Mirena IUD and Pseudotumor Cerebri (PTC)
According to an April 2017 study, Mirena users were over seven times more likely to develop intracranial hypertension or pseudotumor cerebri (PTC) than other levonorgestrel intrauterine systems. Levonorgestrel is a female hormone that can cause changes in the cervix, making it harder for sperm to reach the uterus and harder for a fertilized egg to attach to the uterus. Levonorgestrel intrauterine system is a plastic device that is placed in the uterus where it slowly releases the hormone to prevent pregnancy for 3 to 5 years. Mirena is a small T-shaped plastic device inserted into the uterus that releases levonorgestrel, an artificial form of the hormone progestin. Bayer markets Mirena as “safe and effective” and “well-tolerated by patients” but, in fact, since January 1, 2004 (oldest data available in FDA database), the FDA has received 76,840 adverse event reports related to the Mirena product.
What is Idiopathic Intracranial Hypertension or Pseudotumor Cerebri (PTC)?
Pseudotumor cerebri is a disorder related to high pressure in the brain. It causes signs and symptoms of a brain tumor. The term “pseudo” means false. Pseudotumor cerebri is also called intracranial hypertension. The fluid that surrounds the spinal cord and brain is called cerebrospinal fluid or CSF. If too much fluid is produced or not enough is re-absorbed, the CSF can build up. This can cause symptoms like those of a brain tumor.
What are the symptoms of pseudotumor cerebri?
The symptoms of pseudotumor cerebri mimic those of a true brain tumor. The main sign is unusually high pressure inside the skull, known as intracranial hypertension.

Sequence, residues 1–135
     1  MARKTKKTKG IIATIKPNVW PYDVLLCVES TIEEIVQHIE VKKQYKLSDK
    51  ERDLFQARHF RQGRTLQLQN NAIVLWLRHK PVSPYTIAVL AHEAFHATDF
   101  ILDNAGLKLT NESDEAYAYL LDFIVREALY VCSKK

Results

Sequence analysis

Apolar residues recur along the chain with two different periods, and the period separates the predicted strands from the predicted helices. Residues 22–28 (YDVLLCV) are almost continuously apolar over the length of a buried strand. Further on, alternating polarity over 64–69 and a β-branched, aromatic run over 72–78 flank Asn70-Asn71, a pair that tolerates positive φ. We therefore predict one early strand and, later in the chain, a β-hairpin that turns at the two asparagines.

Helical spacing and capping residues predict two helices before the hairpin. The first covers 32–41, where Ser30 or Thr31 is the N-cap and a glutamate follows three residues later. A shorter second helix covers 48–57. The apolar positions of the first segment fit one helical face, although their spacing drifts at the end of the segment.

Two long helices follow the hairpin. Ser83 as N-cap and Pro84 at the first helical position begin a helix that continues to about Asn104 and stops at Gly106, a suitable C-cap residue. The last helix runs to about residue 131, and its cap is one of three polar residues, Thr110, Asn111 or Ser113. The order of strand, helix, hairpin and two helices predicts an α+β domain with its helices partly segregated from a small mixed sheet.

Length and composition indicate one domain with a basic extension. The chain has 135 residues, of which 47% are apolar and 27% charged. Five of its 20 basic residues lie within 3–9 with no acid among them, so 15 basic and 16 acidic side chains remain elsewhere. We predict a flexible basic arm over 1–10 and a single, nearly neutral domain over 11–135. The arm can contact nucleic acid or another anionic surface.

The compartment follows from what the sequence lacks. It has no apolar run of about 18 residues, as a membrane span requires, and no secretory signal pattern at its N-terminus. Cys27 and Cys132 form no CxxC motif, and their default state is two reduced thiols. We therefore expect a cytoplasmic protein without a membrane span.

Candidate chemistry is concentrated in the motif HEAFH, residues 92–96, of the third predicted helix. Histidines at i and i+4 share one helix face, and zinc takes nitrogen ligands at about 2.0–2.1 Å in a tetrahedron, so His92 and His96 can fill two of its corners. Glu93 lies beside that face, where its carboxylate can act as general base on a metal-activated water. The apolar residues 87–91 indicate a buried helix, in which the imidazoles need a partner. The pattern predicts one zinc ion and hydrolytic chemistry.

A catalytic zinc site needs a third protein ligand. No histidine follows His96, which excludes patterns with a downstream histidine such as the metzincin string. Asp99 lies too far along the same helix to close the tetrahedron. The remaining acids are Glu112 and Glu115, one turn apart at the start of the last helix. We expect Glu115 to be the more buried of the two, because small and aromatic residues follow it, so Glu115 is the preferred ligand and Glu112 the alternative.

Other symptoms include:
- Changes in vision (like double vision)
- Vision loss
- Feeling dizzy or nauseated
- Neck stiffness
- Trouble walking
- Frequent headaches, often along with nausea or vomiting
- Persistent ringing in the ears (tinnitus)
These symptoms may look like other medical problems. Always see your healthcare provider for a diagnosis.
Diagnosis of Pseudotumor Cerebri (a/k/a Intracranial Hypertension)
Pseudotumor cerebri is generally diagnosed when doctors can’t find another reason for a series of symptoms including migraine headaches and visual disturbances. Some women may ignore the signs because they believe they are merely related to menstrual cycle pain.
In addition to Brain imaging such as MRI or CT scans, a doctor will perform a test called a lumbar puncture (also known as spinal tap). A lumbar puncture is performed in your lower back. During a lumbar puncture, a needle is inserted between two lumbar bones (vertebrae) to remove a sample of cerebrospinal fluid (“CSF”). This is the fluid that surrounds your brain and spinal cord to protect them from injury.
The normal range for CSF is generally between 7-18 cm H2O in adults. However, a pressure >20 cm H2O should certainly prompt you to look for a source. Furthermore, given that levonorgestrel blood levels in women on intrauterine levonorgestrel can fluctuate at times, it is biologically plausible for a woman on Mirena to experience intracranial hypertension after only a few months of use.
If you’ve been injured by the Mirena IUD, and would like more information about current developments in the ongoing Mirena PTC litigation, please do not hesitate to contact us. You can reach us by calling toll-free at 1-866-806-8117, or by filling out the free case evaluation form located on this page.